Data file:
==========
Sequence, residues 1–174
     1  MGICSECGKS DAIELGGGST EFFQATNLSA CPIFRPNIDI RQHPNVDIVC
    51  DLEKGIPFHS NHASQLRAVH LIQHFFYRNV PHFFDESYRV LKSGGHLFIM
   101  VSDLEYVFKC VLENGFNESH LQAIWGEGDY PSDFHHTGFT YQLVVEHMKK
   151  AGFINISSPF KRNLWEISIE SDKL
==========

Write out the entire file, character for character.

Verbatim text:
Sequence, residues 1–174
     1  MGICSECGKS DAIELGGGST EFFQATNLSA CPIFRPNIDI RQHPNVDIVC
    51  DLEKGIPFHS NHASQLRAVH LIQHFFYRNV PHFFDESYRV LKSGGHLFIM
   101  VSDLEYVFKC VLENGFNESH LQAIWGEGDY PSDFHHTGFT YQLVVEHMKK
   151  AGFINISSPF KRNLWEISIE SDKL